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U.S. Department of Education Urges Schools to Address Discrimination and Harassment
The U.S. Department of Education’s Office for Civil Rights (OCR) has issued a new Dear Colleague Letter to remind schools of their legal obligations under Title VI of the Civil Rights Act of 1964. This is in response to the alarming increase in reports of antisemitic, Islamophobic, and other hate-based incidents on school and college campuses following the Israel-Hamas conflict in October 7th. The goal is to provide a discrimination-free school environment for all students, regardless of their race, color, or national origin, including those who are or are perceived to be Jewish, Israeli, Muslim, Arab, or Palestinian.
The Biden-Harris Administration is taking steps to counter antisemitism and Islamophobia through the implementation of a U.S. National Strategy and has emphasized the need for a safe and inclusive campus community where all students can learn freely. U.S. Secretary of Education Miguel Cardona emphasizes the importance of upholding the civil rights of students of diverse backgrounds and condemns all forms of hatred and violence.
This announcement follows Secretary Cardona’s and White House Domestic Policy Advisor Neera Tanden’s visit to the Baltimore Hebrew Institute at Towson University, where they engaged in a roundtable discussion with Jewish students from various Baltimore-area universities. The Department has been conducting site visits across the country as part of its Antisemitism Awareness Campaign to address and learn about antisemitism on campuses.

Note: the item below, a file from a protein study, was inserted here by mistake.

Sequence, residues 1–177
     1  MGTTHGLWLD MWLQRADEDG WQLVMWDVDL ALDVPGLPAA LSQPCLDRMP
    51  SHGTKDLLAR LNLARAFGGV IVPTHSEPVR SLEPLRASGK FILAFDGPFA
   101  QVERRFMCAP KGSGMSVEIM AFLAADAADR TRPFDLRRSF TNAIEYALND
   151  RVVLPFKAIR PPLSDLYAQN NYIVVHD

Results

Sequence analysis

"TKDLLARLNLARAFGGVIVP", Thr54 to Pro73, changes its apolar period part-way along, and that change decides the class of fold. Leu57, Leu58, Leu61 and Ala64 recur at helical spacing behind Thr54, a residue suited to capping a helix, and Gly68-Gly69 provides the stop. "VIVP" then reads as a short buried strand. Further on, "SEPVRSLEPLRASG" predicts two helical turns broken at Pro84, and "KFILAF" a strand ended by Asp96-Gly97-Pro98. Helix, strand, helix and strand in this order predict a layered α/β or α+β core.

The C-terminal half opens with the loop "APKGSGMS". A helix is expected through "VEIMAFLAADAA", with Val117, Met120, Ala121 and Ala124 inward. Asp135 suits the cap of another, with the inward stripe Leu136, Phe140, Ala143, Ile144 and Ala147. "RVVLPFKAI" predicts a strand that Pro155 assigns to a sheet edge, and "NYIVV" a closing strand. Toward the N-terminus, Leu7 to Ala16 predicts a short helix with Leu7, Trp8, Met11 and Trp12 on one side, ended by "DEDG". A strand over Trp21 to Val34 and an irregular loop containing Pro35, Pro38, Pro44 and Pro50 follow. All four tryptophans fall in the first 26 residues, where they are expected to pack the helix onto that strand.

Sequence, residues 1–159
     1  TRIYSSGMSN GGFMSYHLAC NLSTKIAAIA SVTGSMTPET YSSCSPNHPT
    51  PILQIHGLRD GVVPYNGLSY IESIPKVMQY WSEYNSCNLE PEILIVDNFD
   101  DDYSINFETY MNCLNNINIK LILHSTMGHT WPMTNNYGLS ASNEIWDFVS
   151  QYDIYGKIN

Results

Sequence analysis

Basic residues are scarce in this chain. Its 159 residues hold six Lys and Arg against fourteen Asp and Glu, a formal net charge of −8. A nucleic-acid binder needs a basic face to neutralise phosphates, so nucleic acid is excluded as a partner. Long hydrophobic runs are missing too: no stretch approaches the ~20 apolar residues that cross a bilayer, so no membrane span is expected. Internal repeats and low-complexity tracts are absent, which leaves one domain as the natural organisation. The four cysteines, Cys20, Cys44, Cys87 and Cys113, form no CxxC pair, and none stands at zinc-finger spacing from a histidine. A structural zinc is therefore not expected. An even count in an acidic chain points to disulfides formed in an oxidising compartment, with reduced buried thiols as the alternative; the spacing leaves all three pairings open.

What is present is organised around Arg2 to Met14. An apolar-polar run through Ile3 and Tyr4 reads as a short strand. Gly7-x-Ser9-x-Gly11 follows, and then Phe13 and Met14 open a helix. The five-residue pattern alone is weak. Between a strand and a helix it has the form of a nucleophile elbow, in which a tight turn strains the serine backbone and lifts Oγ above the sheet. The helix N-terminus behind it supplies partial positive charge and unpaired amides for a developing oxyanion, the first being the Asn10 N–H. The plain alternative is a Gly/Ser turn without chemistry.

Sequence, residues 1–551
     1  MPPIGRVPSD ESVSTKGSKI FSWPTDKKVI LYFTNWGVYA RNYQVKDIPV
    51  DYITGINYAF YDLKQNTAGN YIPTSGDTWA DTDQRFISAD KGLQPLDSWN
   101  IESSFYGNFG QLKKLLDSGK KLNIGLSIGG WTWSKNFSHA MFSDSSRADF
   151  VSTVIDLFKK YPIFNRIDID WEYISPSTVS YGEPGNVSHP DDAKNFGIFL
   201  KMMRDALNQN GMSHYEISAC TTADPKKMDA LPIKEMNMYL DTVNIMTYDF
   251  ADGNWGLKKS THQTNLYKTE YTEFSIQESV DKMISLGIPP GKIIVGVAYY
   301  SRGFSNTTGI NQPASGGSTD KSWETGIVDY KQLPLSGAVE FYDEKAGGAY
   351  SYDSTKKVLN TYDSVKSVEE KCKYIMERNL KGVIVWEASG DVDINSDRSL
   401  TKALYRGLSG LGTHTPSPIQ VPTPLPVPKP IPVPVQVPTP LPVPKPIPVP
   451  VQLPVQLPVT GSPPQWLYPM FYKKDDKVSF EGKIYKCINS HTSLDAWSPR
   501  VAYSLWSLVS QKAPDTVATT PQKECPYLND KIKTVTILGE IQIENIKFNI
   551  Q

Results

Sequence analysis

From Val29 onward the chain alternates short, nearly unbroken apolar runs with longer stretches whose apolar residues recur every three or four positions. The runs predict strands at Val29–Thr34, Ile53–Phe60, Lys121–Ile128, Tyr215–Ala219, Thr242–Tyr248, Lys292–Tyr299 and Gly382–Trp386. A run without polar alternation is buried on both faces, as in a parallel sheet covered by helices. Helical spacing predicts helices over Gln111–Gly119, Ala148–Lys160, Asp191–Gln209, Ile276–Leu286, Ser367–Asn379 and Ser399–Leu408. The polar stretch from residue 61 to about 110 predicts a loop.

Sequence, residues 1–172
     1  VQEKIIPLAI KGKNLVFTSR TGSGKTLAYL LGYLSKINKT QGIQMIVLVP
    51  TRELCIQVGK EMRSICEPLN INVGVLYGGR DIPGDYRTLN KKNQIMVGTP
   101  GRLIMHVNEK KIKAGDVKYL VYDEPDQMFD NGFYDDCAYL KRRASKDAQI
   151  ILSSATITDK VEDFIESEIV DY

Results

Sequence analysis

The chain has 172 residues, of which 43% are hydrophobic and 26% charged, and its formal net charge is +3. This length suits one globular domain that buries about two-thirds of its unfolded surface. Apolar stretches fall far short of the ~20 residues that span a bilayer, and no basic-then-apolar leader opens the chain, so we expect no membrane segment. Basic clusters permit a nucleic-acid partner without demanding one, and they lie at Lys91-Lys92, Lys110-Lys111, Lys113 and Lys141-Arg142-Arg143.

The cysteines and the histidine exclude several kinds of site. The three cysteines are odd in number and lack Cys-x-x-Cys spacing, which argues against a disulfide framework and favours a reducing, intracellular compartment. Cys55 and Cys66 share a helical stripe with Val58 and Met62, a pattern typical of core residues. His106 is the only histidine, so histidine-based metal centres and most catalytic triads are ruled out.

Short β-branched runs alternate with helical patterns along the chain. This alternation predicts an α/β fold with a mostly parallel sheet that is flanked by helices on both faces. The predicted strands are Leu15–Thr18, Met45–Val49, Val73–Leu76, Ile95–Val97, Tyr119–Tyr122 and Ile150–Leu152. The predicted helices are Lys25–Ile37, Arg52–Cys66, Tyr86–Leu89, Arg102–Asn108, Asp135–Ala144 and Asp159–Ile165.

OCR has also made updates to the complaint form, specifying that the protection against discrimination under Title VI extends to students who are or are perceived to be Jewish, Muslim, Hindu, or Sikh. This update aims to assist individuals in understanding how to file a Title VI complaint.
If anyone believes that a school has discriminated against a student based on race, color, or national origin, they can file a complaint with OCR. The person filing the complaint does not need to be the target of the alleged violation; it can be a family member, faculty, staff, or any other concerned community member. The Department is also available to provide technical assistance webinars on the application of Title VI to discrimination cases.
Assistant Secretary for Civil Rights Catherine E. Lhamon urges school communities to be vigilant in protecting their students’ rights and emphasizes that all students, regardless of their religious or ethnic backgrounds, have the right to learn without discrimination. Title VI’s protection extends to students who experience discrimination, including harassment, based on their shared ancestry, ethnic characteristics, citizenship, residency, or regional origin.
These newly released documents are part of OCR’s efforts to support schools in complying with Title VI and addressing discrimination based on race, color, or national origin. Additional resources, such as a fact sheet and a previous Dear Colleague Letter, are available on OCR’s website. Information about recently resolved complaints is also provided.